Actually, the computer/techy areas of the economy have been fighting a very difficult battle since the Fed put the clamps on the economy a few years back. Since that time, they have had to weather through a very difficult stretch, but it appears that the stronger components of the industry have managed to come through very well. Since the beginning of the year, the hi-tech sector has done extremely well, John. The truth is that the computer/web industry is at the heart of productivity gains and shall continue to be the point of the spear for years to come. In short, I only see good things for the computer/web industry in the foreseeable future.
3. What is the impact of increased US military involvement and the war on terror on the US economy?
This is a good point. Since the US has embarked on "military adventures," going back to at least WWI, we as a people have benefited from what many refer to as the "peace dividend." Some may scoff at this, citing that there has been very little peace over that period of time, but the fact remains that via projection of US military force, or at least the ability to do so, we have secured a relatively stable economic environment - on our shores and elsewhere.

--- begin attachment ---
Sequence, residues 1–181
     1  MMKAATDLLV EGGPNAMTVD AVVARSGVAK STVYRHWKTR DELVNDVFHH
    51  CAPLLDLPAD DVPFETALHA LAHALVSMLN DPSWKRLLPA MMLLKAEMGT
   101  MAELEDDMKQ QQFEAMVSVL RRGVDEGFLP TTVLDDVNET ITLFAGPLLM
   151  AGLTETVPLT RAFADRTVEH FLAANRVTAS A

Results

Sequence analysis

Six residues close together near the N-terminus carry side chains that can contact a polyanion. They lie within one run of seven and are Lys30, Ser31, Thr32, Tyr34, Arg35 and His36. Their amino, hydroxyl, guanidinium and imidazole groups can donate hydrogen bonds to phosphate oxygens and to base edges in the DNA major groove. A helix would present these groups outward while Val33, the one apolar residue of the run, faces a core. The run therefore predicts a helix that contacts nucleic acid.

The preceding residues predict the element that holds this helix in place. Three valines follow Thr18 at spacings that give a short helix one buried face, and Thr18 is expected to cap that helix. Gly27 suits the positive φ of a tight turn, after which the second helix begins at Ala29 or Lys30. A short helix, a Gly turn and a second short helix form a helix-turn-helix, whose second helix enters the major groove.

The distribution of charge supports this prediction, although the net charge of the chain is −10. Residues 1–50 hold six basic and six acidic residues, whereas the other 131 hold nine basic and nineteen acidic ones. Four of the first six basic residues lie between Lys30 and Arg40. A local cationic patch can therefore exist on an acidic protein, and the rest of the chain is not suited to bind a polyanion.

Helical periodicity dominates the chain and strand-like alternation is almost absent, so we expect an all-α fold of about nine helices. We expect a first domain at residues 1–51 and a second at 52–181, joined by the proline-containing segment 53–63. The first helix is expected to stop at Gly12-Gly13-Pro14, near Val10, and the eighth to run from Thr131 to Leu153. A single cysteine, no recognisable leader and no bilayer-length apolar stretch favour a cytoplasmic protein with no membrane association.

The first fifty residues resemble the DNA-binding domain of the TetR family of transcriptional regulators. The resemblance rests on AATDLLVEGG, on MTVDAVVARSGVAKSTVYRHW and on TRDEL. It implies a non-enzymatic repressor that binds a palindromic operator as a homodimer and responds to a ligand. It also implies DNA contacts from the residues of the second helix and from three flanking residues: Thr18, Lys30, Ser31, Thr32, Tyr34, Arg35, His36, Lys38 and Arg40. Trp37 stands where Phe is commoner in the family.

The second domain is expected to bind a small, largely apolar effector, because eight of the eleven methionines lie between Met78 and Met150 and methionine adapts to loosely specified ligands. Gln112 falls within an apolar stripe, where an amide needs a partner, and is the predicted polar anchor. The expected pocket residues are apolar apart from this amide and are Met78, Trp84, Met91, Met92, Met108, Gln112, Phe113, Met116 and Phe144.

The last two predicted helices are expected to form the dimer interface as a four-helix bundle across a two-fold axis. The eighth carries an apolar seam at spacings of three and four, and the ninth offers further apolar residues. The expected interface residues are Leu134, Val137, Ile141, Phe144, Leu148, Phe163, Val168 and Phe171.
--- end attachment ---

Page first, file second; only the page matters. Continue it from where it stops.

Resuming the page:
More recently, the ongoing war on terror is just the last incarnation of US foreign policy, taking the form of military intervention. While some might criticize the methods, the objective of our policy has been and will be to continue to serve to secure our financial system. In the near-term, there will certainly be fluctuations, the result of war news and the like. We've been through this before and our financial markets have weathered the storms. By the way, I've been hearing rumblings about guns and butter - the cry associated with our making choices between the two. Critics cite the Bush Administration for trying to do this terror stuff on the cheap, for running deficits and passing legislation for tax-cuts. The American economy is complex and I would like to refrain from going into this - save it for discussion in the newsletter. We prosecuted a much more costly cold war (relatively speaking) while growing our economy, so I see no problem with us doing the same for the war on terror.
4. What is the impact of the increased shift to third party payers and the potential drug reimbursement programs on the economy?